And that is how ladies and gentlemen, Nestle entered the Indian market in 1983. And like I said before, both the concept of instant noodles and the Maggi brand were completely alien to us. We were still a closed country with hardly any foreign companies in the market. And the western influence over us was relatively very less. It’s almost like asking our parents to eat lasagna every single day. Then the question is, how did Nestle turn Maggi into such an integral part of our lives? Well, that is because Nestle very clearly understood both its customer and the consumers. To tell you about it if you look at instant noodles as a product, anyone and everyone could have noodles, right? It doesn’t matter whether it is a school kid or a 40-year-old man. And noodles by default are one of the most generic dishes in the market. So had it been some ordinary brands, they would have tried to capture the entire 740 million Indian customer base, and they would have tried to sell to every single Indian who could have had noodles.

And on the outset, it does seem like an obvious choice, right? Well, Nestle was no ordinary brand. And they understood the fundamental marketing principle that if you try to sell to everyone, you will end up selling to no one. So Nestle’s marketing team started finding the best niche profiles to see who could be their ideal target audience. And that is when they carefully picked two categories, and those mothers and children. Now, this begs the question, what was the thinking behind this? Now listen to this very, very carefully. For the adoption of an alien product, it has to meaningfully cater to the pain of the audience and the interest of the audience. Now, in the case of Nestle, there were two primary stakeholders, there is the customer and there is the consumer. The consumer is the child who eats Maggi and the customer is the mother who buys Maggi. And during 1983 there were two categories of mothers, working mothers, and homemakers. Both of them had one major pain which is to give their child something tasty and healthy when they come back hungry from school.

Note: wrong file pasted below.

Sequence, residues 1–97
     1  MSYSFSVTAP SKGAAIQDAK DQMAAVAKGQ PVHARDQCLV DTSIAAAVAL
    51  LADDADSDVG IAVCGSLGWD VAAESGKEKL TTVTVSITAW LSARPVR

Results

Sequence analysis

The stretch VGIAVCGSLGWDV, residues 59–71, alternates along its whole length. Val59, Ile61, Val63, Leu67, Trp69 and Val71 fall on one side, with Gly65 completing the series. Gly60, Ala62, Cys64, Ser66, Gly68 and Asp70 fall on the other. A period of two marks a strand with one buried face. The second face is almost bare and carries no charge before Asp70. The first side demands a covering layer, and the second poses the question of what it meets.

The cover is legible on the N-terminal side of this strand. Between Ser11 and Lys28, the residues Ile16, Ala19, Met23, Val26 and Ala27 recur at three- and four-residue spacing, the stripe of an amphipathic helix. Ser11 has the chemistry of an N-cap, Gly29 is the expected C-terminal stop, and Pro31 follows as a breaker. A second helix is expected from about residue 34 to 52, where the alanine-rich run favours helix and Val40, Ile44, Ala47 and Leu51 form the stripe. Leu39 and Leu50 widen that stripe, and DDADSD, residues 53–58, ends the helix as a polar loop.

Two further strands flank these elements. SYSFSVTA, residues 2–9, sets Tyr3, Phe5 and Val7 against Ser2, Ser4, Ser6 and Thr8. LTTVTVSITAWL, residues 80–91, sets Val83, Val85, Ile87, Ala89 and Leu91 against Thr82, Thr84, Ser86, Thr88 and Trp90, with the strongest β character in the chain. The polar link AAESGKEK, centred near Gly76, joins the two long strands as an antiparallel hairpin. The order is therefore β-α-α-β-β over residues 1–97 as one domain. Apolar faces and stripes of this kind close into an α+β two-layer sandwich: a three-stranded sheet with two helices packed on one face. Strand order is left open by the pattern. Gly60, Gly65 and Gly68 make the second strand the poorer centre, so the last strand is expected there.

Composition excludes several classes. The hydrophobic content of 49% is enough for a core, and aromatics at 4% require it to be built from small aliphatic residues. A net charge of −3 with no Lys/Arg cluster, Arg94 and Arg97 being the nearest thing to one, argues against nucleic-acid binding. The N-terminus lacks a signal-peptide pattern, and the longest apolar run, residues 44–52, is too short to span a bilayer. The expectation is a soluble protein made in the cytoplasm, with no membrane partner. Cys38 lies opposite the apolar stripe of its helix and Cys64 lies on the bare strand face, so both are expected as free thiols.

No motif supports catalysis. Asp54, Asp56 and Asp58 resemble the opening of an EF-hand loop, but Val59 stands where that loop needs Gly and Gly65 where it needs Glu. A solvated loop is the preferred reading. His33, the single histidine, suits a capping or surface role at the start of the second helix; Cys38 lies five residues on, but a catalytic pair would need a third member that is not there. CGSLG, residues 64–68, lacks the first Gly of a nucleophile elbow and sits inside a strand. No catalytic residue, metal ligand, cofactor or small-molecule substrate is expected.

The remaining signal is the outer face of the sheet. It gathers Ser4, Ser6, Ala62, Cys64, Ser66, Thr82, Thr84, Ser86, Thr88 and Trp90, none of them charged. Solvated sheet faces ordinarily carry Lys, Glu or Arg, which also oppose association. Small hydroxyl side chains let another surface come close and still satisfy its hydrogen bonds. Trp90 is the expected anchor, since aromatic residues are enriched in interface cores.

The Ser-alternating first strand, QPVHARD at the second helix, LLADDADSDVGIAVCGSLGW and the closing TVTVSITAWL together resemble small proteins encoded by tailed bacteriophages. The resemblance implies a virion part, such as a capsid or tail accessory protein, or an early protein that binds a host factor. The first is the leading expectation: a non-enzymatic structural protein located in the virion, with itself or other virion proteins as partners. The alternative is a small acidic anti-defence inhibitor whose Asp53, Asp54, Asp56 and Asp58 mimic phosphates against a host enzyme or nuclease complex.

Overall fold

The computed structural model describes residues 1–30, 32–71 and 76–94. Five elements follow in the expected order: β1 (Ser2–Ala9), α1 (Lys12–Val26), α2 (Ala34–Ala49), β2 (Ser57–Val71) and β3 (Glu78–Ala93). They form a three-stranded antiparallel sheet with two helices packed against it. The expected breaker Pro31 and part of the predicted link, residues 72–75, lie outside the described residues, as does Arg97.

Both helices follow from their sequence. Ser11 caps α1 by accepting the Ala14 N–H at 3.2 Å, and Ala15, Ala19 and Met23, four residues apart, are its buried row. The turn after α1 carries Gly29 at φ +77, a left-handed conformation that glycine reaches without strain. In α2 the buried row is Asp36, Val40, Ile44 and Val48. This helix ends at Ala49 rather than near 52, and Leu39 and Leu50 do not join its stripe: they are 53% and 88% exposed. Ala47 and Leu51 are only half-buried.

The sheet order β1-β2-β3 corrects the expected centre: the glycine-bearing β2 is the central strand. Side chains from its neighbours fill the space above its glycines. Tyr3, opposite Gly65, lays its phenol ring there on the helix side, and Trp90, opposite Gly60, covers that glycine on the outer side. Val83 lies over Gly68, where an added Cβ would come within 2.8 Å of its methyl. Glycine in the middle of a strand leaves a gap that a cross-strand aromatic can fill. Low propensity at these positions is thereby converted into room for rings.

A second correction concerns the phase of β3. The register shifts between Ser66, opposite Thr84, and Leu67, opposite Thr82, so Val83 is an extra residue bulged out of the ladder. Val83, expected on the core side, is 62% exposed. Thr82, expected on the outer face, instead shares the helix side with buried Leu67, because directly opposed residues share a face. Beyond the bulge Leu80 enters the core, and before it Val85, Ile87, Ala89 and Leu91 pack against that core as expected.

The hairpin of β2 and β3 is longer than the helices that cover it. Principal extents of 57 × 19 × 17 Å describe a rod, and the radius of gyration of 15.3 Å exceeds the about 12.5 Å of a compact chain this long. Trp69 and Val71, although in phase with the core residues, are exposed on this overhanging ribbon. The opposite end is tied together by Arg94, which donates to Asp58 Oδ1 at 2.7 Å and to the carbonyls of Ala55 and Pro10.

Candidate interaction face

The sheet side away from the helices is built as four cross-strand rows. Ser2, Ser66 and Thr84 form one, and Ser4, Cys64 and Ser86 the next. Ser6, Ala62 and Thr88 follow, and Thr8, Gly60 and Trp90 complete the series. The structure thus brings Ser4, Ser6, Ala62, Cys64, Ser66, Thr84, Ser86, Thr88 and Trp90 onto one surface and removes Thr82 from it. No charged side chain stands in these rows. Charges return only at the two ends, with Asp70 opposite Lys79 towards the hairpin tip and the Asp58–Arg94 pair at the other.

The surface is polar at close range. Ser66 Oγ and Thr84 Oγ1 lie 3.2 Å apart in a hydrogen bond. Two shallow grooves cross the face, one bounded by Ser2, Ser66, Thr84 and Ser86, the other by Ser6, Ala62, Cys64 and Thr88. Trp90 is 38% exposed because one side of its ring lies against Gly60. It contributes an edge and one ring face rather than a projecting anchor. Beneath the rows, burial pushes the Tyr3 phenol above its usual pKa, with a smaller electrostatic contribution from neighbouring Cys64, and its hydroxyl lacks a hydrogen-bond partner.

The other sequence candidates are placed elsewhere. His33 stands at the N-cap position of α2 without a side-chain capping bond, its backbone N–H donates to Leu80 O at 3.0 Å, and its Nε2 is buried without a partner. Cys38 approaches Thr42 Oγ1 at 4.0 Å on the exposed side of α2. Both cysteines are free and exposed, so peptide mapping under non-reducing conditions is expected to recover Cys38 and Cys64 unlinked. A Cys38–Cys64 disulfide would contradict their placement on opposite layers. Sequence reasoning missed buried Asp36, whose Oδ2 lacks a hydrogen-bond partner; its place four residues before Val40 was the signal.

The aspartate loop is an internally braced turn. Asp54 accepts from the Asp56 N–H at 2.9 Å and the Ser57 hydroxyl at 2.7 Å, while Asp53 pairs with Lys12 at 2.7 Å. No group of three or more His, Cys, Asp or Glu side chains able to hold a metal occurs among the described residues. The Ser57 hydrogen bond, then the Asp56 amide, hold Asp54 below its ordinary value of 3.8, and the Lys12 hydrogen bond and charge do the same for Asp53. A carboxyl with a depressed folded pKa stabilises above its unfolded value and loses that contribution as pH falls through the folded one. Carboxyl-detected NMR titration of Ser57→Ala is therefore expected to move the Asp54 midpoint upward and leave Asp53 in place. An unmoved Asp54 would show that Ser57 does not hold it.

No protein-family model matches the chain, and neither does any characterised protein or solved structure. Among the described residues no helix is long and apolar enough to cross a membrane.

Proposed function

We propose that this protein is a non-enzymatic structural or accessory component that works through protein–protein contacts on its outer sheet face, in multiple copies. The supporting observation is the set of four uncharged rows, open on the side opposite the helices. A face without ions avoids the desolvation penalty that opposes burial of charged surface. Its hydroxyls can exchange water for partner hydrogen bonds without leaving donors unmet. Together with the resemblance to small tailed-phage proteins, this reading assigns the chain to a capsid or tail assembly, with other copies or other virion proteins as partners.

The problem with working parents was that they were not at home and with homemakers, after running all morning, after sending the kids and husbands to school and work, they needed some time to rest before they could start working again for dinner. On top of that, the child had just eaten chapati-bhaji in school, so giving them the same for evening snacks would not be good enough. And at the same time, they needed to make something that was less tedious, but at the same time was tasty enough for the child to eat. So the two pains over here are working mothers wanted something that the children could make themselves and homemakers wanted something less tiring to make for their kids. And the interest was a tasty dish for their child to eat. And this is where ladies and gentlemen, Maggi became an opportunist and positioned itself as the perfect solution for mothers as a super easy and tasty meal alternative for their children. This is how the tagline “2-minute mein Maggi” was born.

And as we’ve seen in the commercial it showcases an act of a mother preparing Maggi for the kids only to see them happy and delighted by the taste. Apart from that, Nestle reached out to school kids with sponsored quizzes and events and even gave them a free hamper of Maggi products. This was followed by a widespread sampling with over 4 million new contacts every year. And as time passed, Nestle even began advertising on TV channels during peak times when people like you and me were watching Power Rangers, Dragonball Z, and Ninja Hatori.